Satoshi was not referencing the financial mess at the time, even though its fallout was loud and hard to ignore. He showed signs of bigger thinking.  

And as for the genesis block itself, maybe the timing and choice of embedded text was intentional, or maybe it was a coincidence – we’ll never know for sure. Either way, a point was made.

That point was a dig at how politically beholden the banking system had become. It highlighted the lack of solid financial structure and the diminishing trust in institutional solvency. It essentially represented the financial crisis that was unfolding. But it was an example rather than a smoking gun.

The financial crisis was not the reason for Bitcoin. It was a symptom of the reason for Bitcoin. And if we continue to hear claims that the crisis was the cause, we will start to believe that Bitcoin is a new solution to a relatively new problem.

It isn’t. It’s a long-awaited solution to a long-standing problem.

If we continue to think of Bitcoin solely in the context of financial crises, we could start to believe that the need for it will diminish as the painful adjustments recede into the mists of time.

It won’t – the technology can’t be put back into its bottle. Nor can the growing awareness of the vulnerabilities inherent in the financial system on which we all rely.

Bitcoin has managed to spread ideas that were previously the purview of an arcane mailing list, and in so doing, has changed the way we look at our financial rights, our data, even our identity. True, the timing of Bitcoin’s emergence helped with that spread, and the recent departure from traditional monetary policy has accelerated it. Financial privacy, seizure resistance and fiat debasement are just some of the concepts that the crypto market price swings have pushed into conversations that now reach even the hallowed halls of traditional finance.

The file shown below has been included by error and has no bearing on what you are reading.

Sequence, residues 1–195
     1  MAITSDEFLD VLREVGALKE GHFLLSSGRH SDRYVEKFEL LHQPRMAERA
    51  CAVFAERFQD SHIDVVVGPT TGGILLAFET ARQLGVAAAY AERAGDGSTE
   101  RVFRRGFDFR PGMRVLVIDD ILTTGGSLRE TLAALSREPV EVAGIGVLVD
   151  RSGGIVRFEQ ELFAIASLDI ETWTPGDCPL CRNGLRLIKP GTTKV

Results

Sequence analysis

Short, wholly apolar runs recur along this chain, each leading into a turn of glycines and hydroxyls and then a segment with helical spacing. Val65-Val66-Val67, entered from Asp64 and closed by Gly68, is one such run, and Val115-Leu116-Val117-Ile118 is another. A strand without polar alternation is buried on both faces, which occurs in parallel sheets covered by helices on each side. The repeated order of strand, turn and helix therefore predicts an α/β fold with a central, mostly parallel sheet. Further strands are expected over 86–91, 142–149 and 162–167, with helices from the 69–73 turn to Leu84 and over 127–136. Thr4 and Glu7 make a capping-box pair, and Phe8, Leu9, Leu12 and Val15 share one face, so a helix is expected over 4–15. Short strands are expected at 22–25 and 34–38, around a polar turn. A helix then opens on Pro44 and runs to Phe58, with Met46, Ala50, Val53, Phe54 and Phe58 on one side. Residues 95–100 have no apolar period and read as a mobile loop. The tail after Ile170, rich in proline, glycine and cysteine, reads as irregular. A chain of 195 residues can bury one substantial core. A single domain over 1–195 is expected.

But Bitcoin was not created to fix crises. It was created to give people a choice.

Let’s stop treating it as a reaction to a specific situation, and recognize that Bitcoin is a technological evolution of a process that started decades ago.

Let’s also give credit to a group of thinkers who realized from way back where centralization of finance and our economy could eventually lead.

Regime change

After a momentous week in which COVID-19 briefly stepped back from the headlines to give space for us spectators to appreciate hope, rhetoric and a peaceful transfer of power, it feels good to take a breather and contemplate the scope of potential change ahead.

It’s not just that market infrastructure and institutional interest are growing in leaps and bounds (more on that below). It’s also that many of the regulatory authorities that determine the framework of financial markets, custody and value transfer are changing guard.

Gary Gensler will be the next chairman of the U.S. Securities and Exchange Commission (SEC). This possibility was reported last week, and was flagged as potentially very good news for the crypto industry, as Gensler has not only researched and often spoken in public about crypto assets and blockchain technology – he also has taught a course on the subject at MIT.